Going iPad Mini exclusive for 7 days

Last week I sent my Macbook Pro in for repairs. The bluetooth connection between my MBP and my Mighty mouse has been weird at best. The connection drops intermittently but the system preferences will still show at the Mighty Mouse is still connected though nothing happens when you wiggle the mouse. Nothing corrects this problem other than a restart. This can be a real pain especially if you are researching and writing a blog post. There is no way you want such an interruption if you are on a roll.

Regardless, this isn't the point of the post. This post is to describe my life with my iPad mini. A basic rundown of what I usually do with my MBP from day to day. I watch drama serials, write blog posts, surf the internet. I skim through Facebook, check Twitter and listen to podcasts and Spotify. I would say I consume media more than I create them on my MBP.

My first step is to pair an Apple Wireless Keyboard to the iPad Mini. Typing on the iPad Mini in the long term just isn't ideal. With my MBP gone, I had lost access to Spotify because I wasn't a premium member so access to music via the Spotify app for me. Logging into Facebook and Twitter is still fine for me because I use Facebook's native app and Twitterrific on the iPad Mini. Watching dramas on the MBP changed to watching Youtube videos via Safari app on the iPad Mini. This in particular was a pain. The volume of the videos on the iPad Mini wasn't loud enough for me to hear so I am constantly on my headphones. The iPad Mini's screen isn't all that great when you compare it to my Retina MBP. I write my blog posts on Byword and post them straight to my Squarespace site using the app so that wasn't so bad. Though switching between Safari and Byword is a pain at times. With Dropbox all my notes are easily accessible. How I wish there is a built in browser on Byword . Check out the new Editorial app for that particular feature

However, all in all, using my iPad Mini exclusively for an entire week wasn't as bad as I had expected. It wasn't the tough and hard wait for my beloved MBP to return to my hands again. Though I am actually typing this out on my MBP, I wouldn't mind going all iPad Mini only. Nevertheless, let's just hope that my MBP doesn't need another trip to the doctor again.

Homescreen - June 2013

I have been trying to keep track of how my homescreen changes for a while now. Though this is the first that I have uploaded to my blog.

First Row

Phone - More often to check on my missed calls then to actually call anyone. More often then not, swipe over to spotlight to look for the right contact to call.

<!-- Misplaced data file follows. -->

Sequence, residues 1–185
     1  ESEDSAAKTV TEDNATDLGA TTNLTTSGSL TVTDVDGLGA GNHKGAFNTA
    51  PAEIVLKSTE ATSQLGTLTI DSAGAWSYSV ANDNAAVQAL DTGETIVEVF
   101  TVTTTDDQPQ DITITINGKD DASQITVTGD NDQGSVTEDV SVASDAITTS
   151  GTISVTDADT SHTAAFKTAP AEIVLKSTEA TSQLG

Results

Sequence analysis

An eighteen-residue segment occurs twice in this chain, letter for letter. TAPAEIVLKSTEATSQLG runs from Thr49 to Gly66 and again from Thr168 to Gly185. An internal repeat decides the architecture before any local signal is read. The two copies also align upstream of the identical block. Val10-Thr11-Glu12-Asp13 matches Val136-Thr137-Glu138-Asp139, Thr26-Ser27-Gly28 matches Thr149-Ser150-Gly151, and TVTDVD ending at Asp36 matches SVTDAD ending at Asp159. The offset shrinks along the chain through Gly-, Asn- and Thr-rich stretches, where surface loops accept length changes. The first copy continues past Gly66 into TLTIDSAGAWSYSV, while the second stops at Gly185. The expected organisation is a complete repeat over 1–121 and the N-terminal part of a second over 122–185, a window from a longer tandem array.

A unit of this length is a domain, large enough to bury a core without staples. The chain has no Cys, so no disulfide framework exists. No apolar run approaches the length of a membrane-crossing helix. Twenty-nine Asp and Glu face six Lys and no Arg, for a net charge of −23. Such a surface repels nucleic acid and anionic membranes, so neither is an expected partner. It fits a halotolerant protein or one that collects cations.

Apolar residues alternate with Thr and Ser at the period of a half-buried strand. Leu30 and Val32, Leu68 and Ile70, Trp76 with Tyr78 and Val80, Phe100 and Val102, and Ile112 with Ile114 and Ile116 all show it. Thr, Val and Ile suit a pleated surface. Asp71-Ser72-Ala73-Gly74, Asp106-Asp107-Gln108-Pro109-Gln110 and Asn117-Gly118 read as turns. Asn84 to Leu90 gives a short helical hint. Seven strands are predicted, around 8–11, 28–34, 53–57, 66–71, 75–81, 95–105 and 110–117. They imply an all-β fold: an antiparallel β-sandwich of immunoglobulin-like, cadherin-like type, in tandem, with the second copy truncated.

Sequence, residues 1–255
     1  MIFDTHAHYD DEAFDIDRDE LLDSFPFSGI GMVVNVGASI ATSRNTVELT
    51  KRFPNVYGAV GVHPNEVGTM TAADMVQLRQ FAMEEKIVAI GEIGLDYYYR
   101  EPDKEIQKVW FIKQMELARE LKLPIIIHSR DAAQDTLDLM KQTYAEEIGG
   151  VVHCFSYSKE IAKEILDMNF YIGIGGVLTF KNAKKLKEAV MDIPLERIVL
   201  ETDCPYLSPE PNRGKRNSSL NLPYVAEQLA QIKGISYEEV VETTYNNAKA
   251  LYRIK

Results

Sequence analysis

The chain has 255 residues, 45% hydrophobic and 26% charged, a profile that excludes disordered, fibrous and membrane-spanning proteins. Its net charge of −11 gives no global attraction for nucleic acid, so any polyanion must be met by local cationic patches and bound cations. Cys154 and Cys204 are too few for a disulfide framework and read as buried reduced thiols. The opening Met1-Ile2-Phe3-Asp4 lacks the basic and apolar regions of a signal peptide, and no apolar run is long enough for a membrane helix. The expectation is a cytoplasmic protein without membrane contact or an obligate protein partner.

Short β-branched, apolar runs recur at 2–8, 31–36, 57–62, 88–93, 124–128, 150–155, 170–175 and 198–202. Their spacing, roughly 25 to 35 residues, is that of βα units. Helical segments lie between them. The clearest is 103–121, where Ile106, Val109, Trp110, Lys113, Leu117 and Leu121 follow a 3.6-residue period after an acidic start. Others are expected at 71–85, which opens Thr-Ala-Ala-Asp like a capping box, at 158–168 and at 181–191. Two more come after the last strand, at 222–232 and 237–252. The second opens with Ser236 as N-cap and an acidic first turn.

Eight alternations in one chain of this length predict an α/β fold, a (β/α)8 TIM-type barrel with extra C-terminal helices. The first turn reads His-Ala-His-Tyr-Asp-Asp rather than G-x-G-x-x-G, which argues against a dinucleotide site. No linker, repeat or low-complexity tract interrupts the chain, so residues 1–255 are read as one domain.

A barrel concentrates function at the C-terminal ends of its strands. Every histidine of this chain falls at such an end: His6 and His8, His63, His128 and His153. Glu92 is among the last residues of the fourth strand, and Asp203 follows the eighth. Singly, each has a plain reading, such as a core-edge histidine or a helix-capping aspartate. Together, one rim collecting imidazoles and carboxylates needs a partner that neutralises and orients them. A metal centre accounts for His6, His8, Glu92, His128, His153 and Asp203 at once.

Messages - Also to check on any incoming smses than to send them. In Singapore, What's app is the popular choice.

Fantastical - To quickly add events into my calendar. I also have Fantastical on the Mac.

Downcast - For all my podcast listening needs.

Second Row

[Taskpaper]( my lists. Lists of things to buy, bills to pay, things to do. I also have Taskpaper for the Mac.

Byword - I use Byword to access the notes on my Dropbox. One issue I have is that it doesn't keep a copy of the notes on the phone. So I can't use Byword to access my notes with there is no 4G or wifi.

Chrome - For all my website browsing needs. I have a bookmarklet that sends my links from Safari to Chrome.

Capture - Launch the app and it instantly starts recording. All the better to catch the little moments in life.

Homescreen - June 2013

Third Row

Guitar Toolkit - Great for tuning my guitar and ukulele.

Calcbot - A wonderful calculator from Tapbots. I just love the sounds.

Twitterific - I have recently switched from Tweetbot to Twitterific. Right now, I dig the larger fonts and animated bird logo.

Photos - To view all my photos and videos.

Fourth Row

Weather Lah - The app to check on Singapore weather. All other "international" weather apps that I have used doesn't come close.

Settings - To easily switch on and off airplane mode. No, I don't take planes often but this is used as a troubleshooting measure.

Riposte - My client of choice. I wish it has a iPad version.

Due - For all timed remainders and events that happen on a regular schedule. I also have the Mac app for this.

Fifth Row

Soulver - I use Soulver to keep track of my expenses. I have Soulver everywhere on my iPad and Mac.

Lift - A habit tracking app that I have just started using. So far, the clean interface is really nice.

Instapaper - My read it later app of choice. Though it is not maintained as often of late. I look forward to what Betaworks would do for Instapaper.

Gmail - I have return to the standard Gmail app. Previously I was using Mailbox but I didn't like the way it messes with my folders. I am still on the hunt for a suitable replacement for Sparrow.


Drafts - This is my Launch Centre Pro for all my writing apps.

1Password - The one repository of all my passwords.

Launch Centre Pro - A shortcut to all my other frequently used for non essential apps.

What's App - Singapore's messaging service of choice.

Learning FCPx

I had to edit my friend’s pre-wedding montage this year. As a challenge to myself, I took the chance to have the project edited in Final Cut Pro X. Final Cut Pro X debuted (last year?) to much cries of dumbing down and iMovie Pro. I wanted to find out for myself and at the same time add another “feather” to my cap. There was only one thing to do. I scrapped up SGD$370 and purchased Final Cut Pro X via the Mac App store. And the next step, go to the nearest library and check out Peachpit’s Final Cut Pro X by Diana Weynand. So I embarked on my journey to learn Final Cut Pro X.